I even had trouble concentrating enough to get through my email. When you find yourself blankly staring at the screen, and realise that you've been sitting there, doped out for ten minutes doing nothing... you know there's no point firing up the text-editor.

Still, the fog has begun to clear over the last few days, so I'm slowly picking up where I left off. Which is lucky as I'm helping a friend out - he's sub-contracted a few basic rails tasks to me on his current project. Hopefully I'll be back in full-gear next week as I have a contract-interview and a talk on Rails for my local LUG.

Tuesday, 3 April 2007

Plugins and engines and gems, oh my!

So I was talking to friend of mine about what I was doing and how a gem was too heavy for what I wanted. He pointed out that I should consider doing it as an engine instead of a plugin.

What's the difference between a plugin and an engine you ask?

I didn't know either... engines seem to be the forgotten children of Rails in all the current plugin-love that's going around (not knocking it - I like plugins too).

Anyway, it turns out that an engine is a plugin - with some differences. An engine requires that you install the "engines" plugin first - you can't just script/install the plugin itself. However, adding that engines plugin allows your own baby to do a hell of a lot more than your standard plugin-ly functions.

An engine is a complete, vertical slice of MVC. An ordinary plugin, by comparison, is generally a small chunk of functionality such as a helper library. Engines can have an /app/ directory structure identical to a full rails site. You can also add routes and migrations (with some user-tweaking required). This allows a fully encapsulated chunk of functionality (such as what I was proposing for my little blog).

Now, mephisto and typo are both gems. This is because they contain a huge amount of functionality (they well deserve their leading status in the Rails-blog field). They contain more functionality than what most people associate with a simple plugin... more than what people would associate with an engine (if people used engines more commonly) - so they are distributed as gems.

So, to sum up:

  • plugins are for small bundles of helpful code
  • engines are for encapsulated slices of vertical functionality and
  • gems are for complex, multi-functional systems.

So how do I make an engine?

The information on how to make an engine is a bit scattered about the web. There doesn't seem to be a whole lot out there in the way of tutorials (at least not compared to plugins).

Some of the info seems to be downright incorrect. The article that looked most promising was: the alterthoughts one, but it seems to be based on an old version of engine-construction that Just Doesn't Work. I couldn't get script/generate engine my_blog to give me anything but "can't find a generator for engine". This article is clearly built on an earlier version of both Rails and engines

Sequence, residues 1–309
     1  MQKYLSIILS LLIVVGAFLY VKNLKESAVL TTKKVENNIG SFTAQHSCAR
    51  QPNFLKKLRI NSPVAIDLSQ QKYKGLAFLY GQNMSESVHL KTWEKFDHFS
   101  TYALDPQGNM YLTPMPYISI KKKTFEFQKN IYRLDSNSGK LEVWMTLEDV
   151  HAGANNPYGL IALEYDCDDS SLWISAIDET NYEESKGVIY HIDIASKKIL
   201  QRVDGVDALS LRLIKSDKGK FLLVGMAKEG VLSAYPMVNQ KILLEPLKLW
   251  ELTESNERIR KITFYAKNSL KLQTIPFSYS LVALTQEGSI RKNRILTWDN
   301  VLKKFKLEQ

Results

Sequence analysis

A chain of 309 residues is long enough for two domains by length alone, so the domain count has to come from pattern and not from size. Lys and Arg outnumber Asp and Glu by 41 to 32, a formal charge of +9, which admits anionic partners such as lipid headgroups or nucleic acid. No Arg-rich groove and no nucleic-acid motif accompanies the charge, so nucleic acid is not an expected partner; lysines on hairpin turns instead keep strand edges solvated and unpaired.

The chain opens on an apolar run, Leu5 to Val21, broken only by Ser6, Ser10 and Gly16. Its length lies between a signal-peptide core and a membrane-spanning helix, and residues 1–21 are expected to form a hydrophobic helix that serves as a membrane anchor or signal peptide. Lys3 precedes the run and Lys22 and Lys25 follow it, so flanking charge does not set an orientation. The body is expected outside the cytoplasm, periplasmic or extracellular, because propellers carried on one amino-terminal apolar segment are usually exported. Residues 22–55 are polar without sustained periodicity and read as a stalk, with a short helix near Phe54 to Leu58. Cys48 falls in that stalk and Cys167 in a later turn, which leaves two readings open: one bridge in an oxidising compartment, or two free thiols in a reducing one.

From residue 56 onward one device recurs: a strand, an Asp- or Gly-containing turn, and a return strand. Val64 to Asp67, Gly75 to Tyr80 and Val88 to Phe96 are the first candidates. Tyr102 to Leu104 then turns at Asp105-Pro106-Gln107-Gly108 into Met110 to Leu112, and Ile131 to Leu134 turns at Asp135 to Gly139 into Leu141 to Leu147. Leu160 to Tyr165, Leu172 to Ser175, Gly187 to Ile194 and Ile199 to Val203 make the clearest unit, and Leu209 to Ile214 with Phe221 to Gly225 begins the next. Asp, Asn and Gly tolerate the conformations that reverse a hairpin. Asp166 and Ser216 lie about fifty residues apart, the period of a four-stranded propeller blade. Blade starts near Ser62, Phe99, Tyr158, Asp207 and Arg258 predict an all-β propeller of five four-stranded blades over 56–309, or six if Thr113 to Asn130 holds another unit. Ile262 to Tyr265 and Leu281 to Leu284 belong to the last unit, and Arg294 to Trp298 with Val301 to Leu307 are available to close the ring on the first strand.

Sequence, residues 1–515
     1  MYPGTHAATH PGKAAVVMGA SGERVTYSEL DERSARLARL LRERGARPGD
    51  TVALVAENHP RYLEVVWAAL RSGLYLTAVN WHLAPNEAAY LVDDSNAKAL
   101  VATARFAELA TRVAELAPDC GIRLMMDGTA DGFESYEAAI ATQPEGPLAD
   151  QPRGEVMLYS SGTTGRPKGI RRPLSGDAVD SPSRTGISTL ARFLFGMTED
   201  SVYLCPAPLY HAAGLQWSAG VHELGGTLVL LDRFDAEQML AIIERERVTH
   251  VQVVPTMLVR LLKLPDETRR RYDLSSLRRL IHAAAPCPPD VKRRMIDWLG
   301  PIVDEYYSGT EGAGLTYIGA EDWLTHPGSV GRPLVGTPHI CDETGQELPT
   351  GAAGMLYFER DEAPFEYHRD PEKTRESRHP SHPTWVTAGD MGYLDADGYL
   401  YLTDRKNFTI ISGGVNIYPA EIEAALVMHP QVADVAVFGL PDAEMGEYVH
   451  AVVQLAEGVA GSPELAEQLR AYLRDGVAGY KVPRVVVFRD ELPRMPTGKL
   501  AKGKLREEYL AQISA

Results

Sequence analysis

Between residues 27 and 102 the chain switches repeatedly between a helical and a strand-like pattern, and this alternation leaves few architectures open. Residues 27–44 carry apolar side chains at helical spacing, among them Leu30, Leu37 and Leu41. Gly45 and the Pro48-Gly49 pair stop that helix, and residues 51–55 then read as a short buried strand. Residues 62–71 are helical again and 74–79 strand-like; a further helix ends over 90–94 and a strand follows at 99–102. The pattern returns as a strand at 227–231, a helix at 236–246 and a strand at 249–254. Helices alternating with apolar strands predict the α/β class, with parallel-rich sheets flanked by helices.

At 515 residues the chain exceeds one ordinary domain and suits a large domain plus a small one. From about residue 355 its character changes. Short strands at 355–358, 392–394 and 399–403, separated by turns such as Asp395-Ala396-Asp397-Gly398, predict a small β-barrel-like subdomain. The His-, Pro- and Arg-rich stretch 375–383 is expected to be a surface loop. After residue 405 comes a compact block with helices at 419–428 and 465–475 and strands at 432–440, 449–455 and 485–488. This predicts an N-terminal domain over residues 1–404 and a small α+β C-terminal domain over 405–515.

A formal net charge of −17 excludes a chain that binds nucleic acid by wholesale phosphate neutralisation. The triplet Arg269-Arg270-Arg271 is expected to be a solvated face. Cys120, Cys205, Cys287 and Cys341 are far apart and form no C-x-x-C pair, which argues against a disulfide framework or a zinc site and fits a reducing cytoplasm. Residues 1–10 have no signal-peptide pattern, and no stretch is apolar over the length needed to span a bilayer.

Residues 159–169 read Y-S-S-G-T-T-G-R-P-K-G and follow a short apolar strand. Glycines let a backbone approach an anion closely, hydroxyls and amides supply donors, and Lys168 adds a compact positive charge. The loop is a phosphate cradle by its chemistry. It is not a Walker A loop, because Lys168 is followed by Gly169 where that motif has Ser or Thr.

The railsdoc on engines is fairly complete (though it's not a step-by-step tutorial). It turns out that you can just start out with a rails app - and turn it into an engine. Two things to remember:

Copy your engine's routes.rb into the root directory. Then instruct your users to add map.from_plugin :your_plugin into their routes.rb.
If you have migrations, make sure they are numbered from 001. Then leave instructions for your user to run script/generate plugin_migration, then rake db:migrate.
Shared plugins
A blog needs to share the authentication plugin. But which authentication mechanism are you using? I could assume you're using the same as me (RESTful auth right?) but that's not likely. The best option is to write a wrapper library that allows people to override the functions with their own authentication system, if they choose.
Other plugins
If your plugin depends on other plugins there may be some duplication. I'm sure there must be a way that minimises double-loading of plugins eg if your plugin uses acts_as_taggable, and so does their site - maybe your install.rb could check for that and not bother installing it - but I think that may be over-optimisation.

I'm sure there must be a way to put all these tasks into "install.rb" - but I haven't had a chance to do that yet.

So, what have you done?

So I wrote a very tiny blog app (currently all is does are posts). It was enough to demonstrate the point for me while I figure out how to do the engine thing. I'm still playing with it in my spare time - but I probably won't get in installed until after the Easter long-weekend. At that point I'll also find somewhere to upload it so people can have a play with it.